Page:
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By Eric

The Major League Baseball playoffs started yesterday. I’m not unrealistic; I know this is completely meaningless to the majority of people in the world. I, however, am not one of those people.

As a rabid, irrational and, some may say, overly obsessive Twins fan, I revel in this time of year. Between intensely meaningful Twins games, cooler but not cold weather, and Vikings games to fill the time between intensely meaningful Twins games, October is one of the best months of the year.

(Did I mention the intensely meaningful Twins games?)

Anyone who doesn’t really follow sports is probably rolling their eyes right now. (Admit it, you are.) How can a silly game be “intensely meaningful?” You’re watching grown men in silly little matching outfits, try and hit a little ball with a bat. Where’s the meaning in that?

In every imaginable technical sense, this is correct. It’s just a game. Nothing else.

The reality, however, is that to so many people baseball is so much more than a game. Maybe not to the majority of people, but to a certain group it is. Just like how to some people football is more than a game. Or a certain band is more than a band. Or pieces of literature aren’t just words on a page.

This is the part where I unleash a diatribe about the cosmic significance of baseball. And the importance of each little strike, ball, out, hit, error, run, etc. Or this is the part where this post takes a decisive turn for the worst, because I wrote the first 200 words before the Twins lost last night, and the next 600 after they lost. And, as you can tell from looking back on my, um, “colorful” tweets from last night; the game was an emotional roller coaster.

While I sit here finishing this post, I am pissed. Plain and simple. My team just lost. In no uncertain terms, this makes me angry, frustrated, sad, etc. The fact is, however, now I will regroup for the next game, because there are at least two more. (Round one of the playoffs is a best of five series.)

And, really, that is the point I am trying to make. The first thing I ever wrote on this site was, “I’ve been spending a lot of time trying to find the metaphorical significance in mundane things lately.” And the fact is, because baseball has played such a large role in my life, I have always tried to figure out the metaphorical significance in the game.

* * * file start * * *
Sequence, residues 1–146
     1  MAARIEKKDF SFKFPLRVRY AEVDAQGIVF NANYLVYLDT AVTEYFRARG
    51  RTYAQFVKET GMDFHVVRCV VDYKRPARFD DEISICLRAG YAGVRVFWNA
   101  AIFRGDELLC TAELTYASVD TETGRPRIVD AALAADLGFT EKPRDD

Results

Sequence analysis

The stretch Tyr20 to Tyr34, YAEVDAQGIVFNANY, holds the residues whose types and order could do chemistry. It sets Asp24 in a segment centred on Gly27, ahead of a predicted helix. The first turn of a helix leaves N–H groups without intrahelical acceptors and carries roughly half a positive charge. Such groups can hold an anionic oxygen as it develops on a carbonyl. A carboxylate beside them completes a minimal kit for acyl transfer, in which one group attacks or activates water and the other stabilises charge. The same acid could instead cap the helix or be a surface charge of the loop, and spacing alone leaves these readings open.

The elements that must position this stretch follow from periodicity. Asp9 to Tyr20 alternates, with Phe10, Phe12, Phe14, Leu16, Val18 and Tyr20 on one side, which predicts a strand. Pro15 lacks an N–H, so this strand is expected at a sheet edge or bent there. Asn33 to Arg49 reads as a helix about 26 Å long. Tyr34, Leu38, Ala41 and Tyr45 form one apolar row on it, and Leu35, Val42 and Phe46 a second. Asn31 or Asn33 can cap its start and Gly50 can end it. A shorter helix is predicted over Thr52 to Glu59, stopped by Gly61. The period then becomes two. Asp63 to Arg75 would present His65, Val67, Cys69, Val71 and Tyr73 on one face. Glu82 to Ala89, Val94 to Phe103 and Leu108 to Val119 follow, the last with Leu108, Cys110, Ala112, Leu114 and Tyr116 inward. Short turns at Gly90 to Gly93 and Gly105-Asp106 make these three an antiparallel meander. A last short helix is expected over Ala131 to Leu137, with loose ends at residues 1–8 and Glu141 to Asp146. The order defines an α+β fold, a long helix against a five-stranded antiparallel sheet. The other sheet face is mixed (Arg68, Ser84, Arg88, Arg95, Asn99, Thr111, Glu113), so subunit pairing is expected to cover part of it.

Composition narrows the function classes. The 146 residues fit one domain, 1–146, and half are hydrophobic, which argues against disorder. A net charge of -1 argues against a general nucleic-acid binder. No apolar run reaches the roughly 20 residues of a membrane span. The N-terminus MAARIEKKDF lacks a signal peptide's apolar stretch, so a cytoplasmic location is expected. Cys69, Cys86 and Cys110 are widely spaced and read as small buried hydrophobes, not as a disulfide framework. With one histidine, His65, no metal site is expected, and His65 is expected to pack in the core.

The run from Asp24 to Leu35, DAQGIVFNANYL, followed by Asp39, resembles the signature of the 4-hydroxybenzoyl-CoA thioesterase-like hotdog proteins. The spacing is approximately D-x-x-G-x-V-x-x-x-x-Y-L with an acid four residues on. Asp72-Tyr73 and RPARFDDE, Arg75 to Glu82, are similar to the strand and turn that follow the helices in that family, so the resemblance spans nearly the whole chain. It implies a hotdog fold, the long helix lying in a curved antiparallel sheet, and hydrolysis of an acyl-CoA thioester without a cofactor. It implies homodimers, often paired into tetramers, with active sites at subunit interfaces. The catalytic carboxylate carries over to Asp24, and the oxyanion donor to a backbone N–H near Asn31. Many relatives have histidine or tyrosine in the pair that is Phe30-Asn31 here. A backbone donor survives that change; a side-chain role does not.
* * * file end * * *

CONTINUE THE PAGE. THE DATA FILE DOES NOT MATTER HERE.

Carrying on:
And that’s because it’s not just a game.

What baseball provides for me can take on so many different forms. Sometimes it’s an escape. Sometimes it’s so much a part of my life that it feels like it represents everything around me. And sometimes (like tonight) it spends about four hours kicking me in the groin and I sit here wondering “why?”

So I spend some time cursing the wrong-doers, nitpicking what went wrong and why, and placing blame upon anyone I can think of.

The fact is, however, tomorrow I will be back rooting on the Twins again. They’re my team, and I would never walk away from that. In fact, every year once the Twins season ends, someone will ask me, “who are you rooting for now?” And my answer is always the same, “nobody.”

Most people find this strange, which is a fact that I find strange. Why, after 162 regular season, and however many postseason, games would I suddenly switch my allegiance? For a phony high? To pretend I am connected to something? Why?

I am a baseball fan, but the Twins are my team. Once they are done, I no longer cheer for a team. I cheer for a moment or a story. To proactively root for someone else would be dishonest. Disloyal. Untrustworthy.

Maybe that’s overblown. Maybe I care too much. Maybe I get a little too worked up during games.

Sometimes, however, a game isn’t just a game. Sometimes it means more. To me at least. And while I can’t make you understand that, and some of you may still be rolling your eyes, it’s true. It’s part of my life. Just like there is some seemingly insignificant something in your life that means a little bit more to you. Whatever that something may be.

On the same night that my team lost, Roy Halladay of the Philadelphia Phillies pitched a no-hitter. To many of you, that means nothing. And, in terms of the Phillies winning, it means about the same to me. But the no-hitter itself, something that has only happened twice in postseason baseball history, meant something. It was special. It was a moment.

You might not understand why this is important, and I probably can’t explain it, but to me it makes perfect sense.

And that’s exactly why it’s not just a game.

Compiled by Ryan

The links:

self-titled scored an interview with The Dead Weather, and it includes bits about upcoming Jack White projects, one of which is some sort of White Stripes film.

Any excuse to post a picture of this man.

Any excuse to post a picture of this man.

-Will Oldham (of Bonnie “Prince” Billy fame) doesn’t do many interviews, so it was nice to read one in A.V. Club this week.  Spoiler: he doesn’t like the way Wes Anderson uses music in his movies.

Mark Wahlberg and James Franco have been added to the upcoming Tina Fey and Steve Carrell comedy Date Night.  Unfortunately, so has Leighton Meester.

-CNN headline: Woody Harrelson claims he mistook photographer for zombie.

-Watching the NFL on television just won’t be the same without John Madden, for better or for worse.  The legendary announcer is retiring.

The YouTube highlights:

I’m a sucker for cool animal videos (save your emails: I’ve already seen all the good ones).  This fox rox: